Toxic substances including chromium and cyanide used to flush gold mines were improperly handled and seeped into a river, sickening hundreds and killing more than a dozen people in two northeastern Cambodian provinces, the country’s industry minister said on Thursday.
Government-commissioned report says proposed site at Sambor reach is the ‘worst possible place’ for hydropower due to impact on wildlife
An environmental activist based in the Areng valley region of southwest Cambodia’s Koh Kong province on Tuesday urged authorities to launch an investigation into an attempt on his life over the weekend, saying he is no longer safe in his own home and expects his would-be killers will strike again.
Nicknamed Cambodia’s “beating heart,” the vast Tonle Sap Lake is Southeast Asia’s largest. Now, the country is trying to stop the loss of its lifeblood: the fish that thrive in these waters.
Researchers in a new study say visitor activities in caves in Cambodia pose challenges for conservation, noting that human disturbance is often detrimental to populations, which in turn take substantial time to recover from declines.
Two years ago, the world agreed that action to combat climate change was essential. However, now the problem is how to finance and realise the 170 individual country pledges made as part of the Paris agreement.
In the new documentary “Love & Bananas: An Elephant Story,” out Friday, American filmmaker Ashley Bell flies to Cambodia to discover the scary plight of Asian elephants, some of the largest animals on Earth, who are plagued by poachers and exploited in logging camps.
Satellite imagery of Cambodia has rapidly turned from a lush green to a patchwork of muddy browns and yellows in the last 40 years. Almost all of the country’s once impressive rainforests have fallen victim to illegal logging.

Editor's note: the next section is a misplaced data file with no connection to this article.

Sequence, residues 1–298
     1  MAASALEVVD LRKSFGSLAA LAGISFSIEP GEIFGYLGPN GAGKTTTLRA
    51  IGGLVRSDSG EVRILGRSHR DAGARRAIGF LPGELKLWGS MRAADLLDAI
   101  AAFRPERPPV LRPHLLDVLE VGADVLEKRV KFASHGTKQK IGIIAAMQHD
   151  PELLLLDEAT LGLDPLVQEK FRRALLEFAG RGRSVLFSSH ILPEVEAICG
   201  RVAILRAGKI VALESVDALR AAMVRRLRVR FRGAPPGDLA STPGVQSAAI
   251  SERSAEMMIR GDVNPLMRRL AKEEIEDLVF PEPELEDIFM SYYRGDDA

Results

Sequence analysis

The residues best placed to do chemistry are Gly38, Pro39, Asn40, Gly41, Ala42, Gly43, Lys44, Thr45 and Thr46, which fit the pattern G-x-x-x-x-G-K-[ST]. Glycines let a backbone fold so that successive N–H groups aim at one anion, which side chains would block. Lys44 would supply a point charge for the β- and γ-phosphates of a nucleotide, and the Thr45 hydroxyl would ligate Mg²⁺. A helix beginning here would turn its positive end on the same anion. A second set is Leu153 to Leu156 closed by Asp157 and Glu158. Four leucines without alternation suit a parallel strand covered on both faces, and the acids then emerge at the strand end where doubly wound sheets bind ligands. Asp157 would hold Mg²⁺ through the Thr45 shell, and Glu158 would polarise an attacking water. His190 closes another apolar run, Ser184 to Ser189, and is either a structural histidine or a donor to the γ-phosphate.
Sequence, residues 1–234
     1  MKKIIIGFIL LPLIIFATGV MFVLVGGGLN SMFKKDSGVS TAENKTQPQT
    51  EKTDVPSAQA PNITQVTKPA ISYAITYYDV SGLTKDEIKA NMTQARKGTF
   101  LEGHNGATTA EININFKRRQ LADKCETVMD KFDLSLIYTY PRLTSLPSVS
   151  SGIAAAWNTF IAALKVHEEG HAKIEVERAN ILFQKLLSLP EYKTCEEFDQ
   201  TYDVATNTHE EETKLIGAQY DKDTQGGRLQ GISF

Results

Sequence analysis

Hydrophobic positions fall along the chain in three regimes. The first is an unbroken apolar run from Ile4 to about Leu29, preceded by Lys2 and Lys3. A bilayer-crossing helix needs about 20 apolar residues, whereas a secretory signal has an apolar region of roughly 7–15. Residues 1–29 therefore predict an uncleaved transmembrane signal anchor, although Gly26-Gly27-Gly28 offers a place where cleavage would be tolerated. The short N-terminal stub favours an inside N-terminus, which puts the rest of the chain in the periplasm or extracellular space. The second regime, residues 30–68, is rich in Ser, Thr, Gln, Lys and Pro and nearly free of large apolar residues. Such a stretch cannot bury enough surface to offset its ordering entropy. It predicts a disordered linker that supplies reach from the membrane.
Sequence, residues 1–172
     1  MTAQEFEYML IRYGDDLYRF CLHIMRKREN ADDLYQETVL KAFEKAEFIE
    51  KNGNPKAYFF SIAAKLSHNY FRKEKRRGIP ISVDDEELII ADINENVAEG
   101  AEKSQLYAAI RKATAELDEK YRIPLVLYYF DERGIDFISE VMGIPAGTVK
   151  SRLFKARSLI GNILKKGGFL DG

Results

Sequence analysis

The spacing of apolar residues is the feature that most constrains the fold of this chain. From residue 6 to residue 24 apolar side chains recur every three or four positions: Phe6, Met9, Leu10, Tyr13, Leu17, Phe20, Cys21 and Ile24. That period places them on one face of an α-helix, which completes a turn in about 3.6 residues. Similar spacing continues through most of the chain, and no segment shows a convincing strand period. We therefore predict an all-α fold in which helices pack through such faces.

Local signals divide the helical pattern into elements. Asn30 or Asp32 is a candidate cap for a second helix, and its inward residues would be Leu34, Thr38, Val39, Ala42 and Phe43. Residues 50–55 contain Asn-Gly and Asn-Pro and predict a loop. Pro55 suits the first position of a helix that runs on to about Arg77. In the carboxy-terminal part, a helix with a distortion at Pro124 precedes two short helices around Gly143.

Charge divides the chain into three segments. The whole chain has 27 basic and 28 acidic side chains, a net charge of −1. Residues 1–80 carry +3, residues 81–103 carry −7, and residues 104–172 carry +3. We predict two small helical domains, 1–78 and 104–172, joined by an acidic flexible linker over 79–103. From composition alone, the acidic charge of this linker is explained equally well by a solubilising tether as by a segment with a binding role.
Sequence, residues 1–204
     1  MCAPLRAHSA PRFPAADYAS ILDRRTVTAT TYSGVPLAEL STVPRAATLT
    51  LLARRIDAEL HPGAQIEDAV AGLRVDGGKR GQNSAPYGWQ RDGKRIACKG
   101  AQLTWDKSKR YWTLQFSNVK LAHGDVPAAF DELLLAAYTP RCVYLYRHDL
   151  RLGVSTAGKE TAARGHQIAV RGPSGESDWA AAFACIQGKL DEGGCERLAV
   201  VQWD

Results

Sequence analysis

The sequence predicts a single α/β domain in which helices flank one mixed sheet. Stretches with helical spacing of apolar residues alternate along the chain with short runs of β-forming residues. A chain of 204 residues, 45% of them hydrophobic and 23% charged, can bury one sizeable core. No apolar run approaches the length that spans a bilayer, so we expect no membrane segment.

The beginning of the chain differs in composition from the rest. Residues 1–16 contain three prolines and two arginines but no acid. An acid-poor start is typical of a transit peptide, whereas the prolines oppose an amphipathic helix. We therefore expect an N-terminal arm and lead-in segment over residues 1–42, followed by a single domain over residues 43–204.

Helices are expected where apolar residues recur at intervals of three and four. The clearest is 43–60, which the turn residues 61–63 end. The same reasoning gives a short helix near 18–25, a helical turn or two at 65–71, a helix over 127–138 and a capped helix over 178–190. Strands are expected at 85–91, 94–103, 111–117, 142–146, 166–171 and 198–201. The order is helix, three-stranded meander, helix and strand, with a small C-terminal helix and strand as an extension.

The population of Cambodia's critically endangered river dolphin is growing for the first time in decades, conservationists said on Monday (April 23), hailing a major turnaround for the freshwater species.
Pollution from discarded bags and bottles continues to plague Vietnam, Laos, Cambodia, and Myanmar as they prepare for this year’s Earth Day.
At the tip of a small sandbar jutting into the Mekong, four fishermen unfurl a net, half an eye on the old man lecturing them. In a gravelly voice, 64-year-old Meak Phoeurn informs the group that this is a conservation area, that there is a rare bird nearby and they better stay away from her eggs.
"After the murders, not many people dared to go inside the jungle," Ouch Leng writes in an email.
A total of 3.5 tonnes of ivory reportedly bound for Cambodia was seized by authorities in Mozambique late last week, according to the NGO Convention on International Trade in Endangered Species of Wild Fauna and Flora (CITES).
Two weeks ago, shortly after it turned 2am, Sami’s boat rolled over on the waves of the Mekong river and tipped all of her possessions into the water—including Lydie, her newborn daughter. 'Just like that, she was gone,' the 16-year-old remembers.
Thousands of megawatts of wind and solar energy contracts in the Mekong region of Southeast Asia have been signed, seriously challenging the financial viability of major hydropower projects on the river, an energy expert told a water conference last week.
Suddenly the road ends. The cart track disappears under the water. A vast lake stretches out in front of me. I have to transfer from a motorbike to a canoe. “Tuk laang,” my guide says coolly. “The water is rising.”
New wildlife sanctuary will be called Sangrukhavoan wildlife sanctuary in Cambodia
The four member countries of the Mekong River Commission today confronted predictions of social and environmental disaster if damming and other development projects in the region are allowed to proceed as planned.
While a plate piled high with hairy, palm-sized tarantulas is the stuff of nightmares for some, these garlic fried spiders are a coveted treat in Cambodia, where the only fear is that they may soon vanish due to deforestation and unchecked hunting.
Presented with "frightening" possibilities due to intense damming, the leaders of the Mekong River Commission member countries gave little sign Thursday they had heeded calls to rethink a fundamental water policy for the shared waterway, with the exception of Vietnam.
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